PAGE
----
After the magnificent Siamese Dream made them superstars, the Smashing Pumpkins came back a mere two years later with this sprawling double album. Though decried by critics as being too “pretentious” and containing too much filler, I don’t find the band guilty on either count. First of all, the band simply sport grand ambitions and are one of the few bands around today that actually dares to be great; if that makes them pretentious then so be it. Secondly, I only see one weak song (“Tales Of A Scorched Earth”) among the 28 here (almost all of which were written by lead Pumpkin Billy Corgan), making this not only easily the best album of 1995 but a decade defining monument that’s one of my favorite albums of all-time. Much more of a band effort than its infamously Corgan dominated predecessor, this is a rawer, more spontaneous effort that shows off all of the Pumpkins’ many sides, as they expand their sonic palette and rely less on the soft-to-loud dynamics that had previously been their trademark. Though the angsty (detractors would say “whiny”) lyrics are at times clumsy, they’re also often memorable, and besides, it is the band’s spectacular sound and terrific melodies that most matter, though Corgan’s unique voice, presented here in a less processed form, is still to many an acquired taste. Dreamy, angelic synth/piano pieces (“Mellon Collie And The Infinite Sadness,” “Cupid de Locke”) stand beside sparse pretties ("Take Me Down," "Stumbleine," "Farewell and Goodnight") and soaring ballads with sweeping orchestrations (“Tonight Tonight,” “Galapogos”), while fabulous prog rock epics (“Porcelina Of The Vast Oceans,” “Thru The Eyes Of Ruby”) fit snugly alongside explosive/soaring hard rock (“Jellybelly,” “Here Is No Why,” “Love,” “Muzzle,” “Bodies"), raging heavy metal (“Zero,” “Bullet With Butterfly Wings,” “Ode To No One,” “X.Y.U.”), breezy pop perfection (“1979”), moody, emotional balladry (“Thirty-Three,” “In The Arms Of Sleep,” “By Starlight”), and lightly catchy sing alongs (“We Only Come Out At Night,” “Beautiful”). The amazing end result encompasses everything that was great about alternative rock in the mid ’90s, as this well-balanced collection of songs can be both inconceivably beautiful and fragile, and deliberately ugly and abrasive, sometimes within the same song! (I could therefore switch around some of the songs in the groupings listed above and they’d still be accurate.) Mellon Collie contains the bands prettiest ballads as well as their heaviest rockers (really, what more could any fan want?), with too many great moments to mention, and this smartly paced, all over the place masterpiece has been in heavy rotation on my stereo ever since its release. A Physical Graffiti for the ‘90s, this magical album was a brilliant band triumph that sold like hotcakes and briefly made the Smashing Pumpkins the biggest band in the world. Note: Longtime drug addict and dynamite drummer Jimmy Chamberlin was booted from the band in July ‘96 after another drug binge with touring keyboard player Jimmy Melvoin resulted in Melvoin’s deadly overdose. The band gamely continued onwards, but things would never really be the same.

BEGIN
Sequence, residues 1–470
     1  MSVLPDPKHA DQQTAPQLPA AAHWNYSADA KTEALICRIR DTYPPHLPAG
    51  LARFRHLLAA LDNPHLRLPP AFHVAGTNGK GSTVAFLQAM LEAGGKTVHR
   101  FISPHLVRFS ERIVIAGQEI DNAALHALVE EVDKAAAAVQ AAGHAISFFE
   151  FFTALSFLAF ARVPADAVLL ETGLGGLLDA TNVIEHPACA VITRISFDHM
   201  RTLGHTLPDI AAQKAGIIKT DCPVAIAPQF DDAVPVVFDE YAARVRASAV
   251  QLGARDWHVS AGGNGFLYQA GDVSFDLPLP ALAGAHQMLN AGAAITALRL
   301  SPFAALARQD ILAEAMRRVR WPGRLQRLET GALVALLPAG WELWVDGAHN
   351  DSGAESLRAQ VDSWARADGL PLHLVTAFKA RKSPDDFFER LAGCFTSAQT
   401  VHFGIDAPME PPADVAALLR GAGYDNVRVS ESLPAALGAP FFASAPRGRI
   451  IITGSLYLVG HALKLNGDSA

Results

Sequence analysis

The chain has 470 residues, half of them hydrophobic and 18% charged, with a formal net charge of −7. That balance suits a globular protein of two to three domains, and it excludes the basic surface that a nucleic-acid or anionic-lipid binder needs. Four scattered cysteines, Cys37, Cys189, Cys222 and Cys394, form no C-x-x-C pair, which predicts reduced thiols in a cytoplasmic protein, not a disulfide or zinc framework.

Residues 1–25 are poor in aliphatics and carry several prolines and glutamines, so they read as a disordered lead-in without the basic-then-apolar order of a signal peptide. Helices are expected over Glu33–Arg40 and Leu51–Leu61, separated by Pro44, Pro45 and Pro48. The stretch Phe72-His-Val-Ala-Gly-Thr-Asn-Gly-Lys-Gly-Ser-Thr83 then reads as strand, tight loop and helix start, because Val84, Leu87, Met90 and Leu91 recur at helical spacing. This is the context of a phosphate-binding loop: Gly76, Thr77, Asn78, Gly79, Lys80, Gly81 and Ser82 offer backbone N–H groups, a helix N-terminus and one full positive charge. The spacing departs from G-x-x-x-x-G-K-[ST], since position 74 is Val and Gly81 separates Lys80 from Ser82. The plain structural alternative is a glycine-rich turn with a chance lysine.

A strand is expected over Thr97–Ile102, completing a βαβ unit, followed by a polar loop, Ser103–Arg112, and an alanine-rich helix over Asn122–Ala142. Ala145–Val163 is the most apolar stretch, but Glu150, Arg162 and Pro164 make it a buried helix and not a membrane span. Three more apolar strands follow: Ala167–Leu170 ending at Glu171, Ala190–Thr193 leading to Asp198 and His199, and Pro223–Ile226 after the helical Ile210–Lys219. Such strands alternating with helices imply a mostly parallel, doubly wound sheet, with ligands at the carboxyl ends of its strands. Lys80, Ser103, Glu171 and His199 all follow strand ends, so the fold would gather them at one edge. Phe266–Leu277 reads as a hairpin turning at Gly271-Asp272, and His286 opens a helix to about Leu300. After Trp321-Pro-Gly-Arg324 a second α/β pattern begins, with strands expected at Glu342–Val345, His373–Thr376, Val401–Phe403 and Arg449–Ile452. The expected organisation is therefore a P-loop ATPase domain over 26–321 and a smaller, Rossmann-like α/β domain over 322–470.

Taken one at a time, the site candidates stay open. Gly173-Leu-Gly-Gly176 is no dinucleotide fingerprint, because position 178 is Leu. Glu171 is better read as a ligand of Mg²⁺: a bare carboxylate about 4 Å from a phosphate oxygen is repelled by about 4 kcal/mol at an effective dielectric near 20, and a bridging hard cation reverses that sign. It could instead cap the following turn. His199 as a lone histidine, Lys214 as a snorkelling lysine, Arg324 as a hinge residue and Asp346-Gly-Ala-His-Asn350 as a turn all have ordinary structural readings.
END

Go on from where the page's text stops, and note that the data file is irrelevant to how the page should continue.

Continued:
Adore (Virgin ‘98) Rating: A-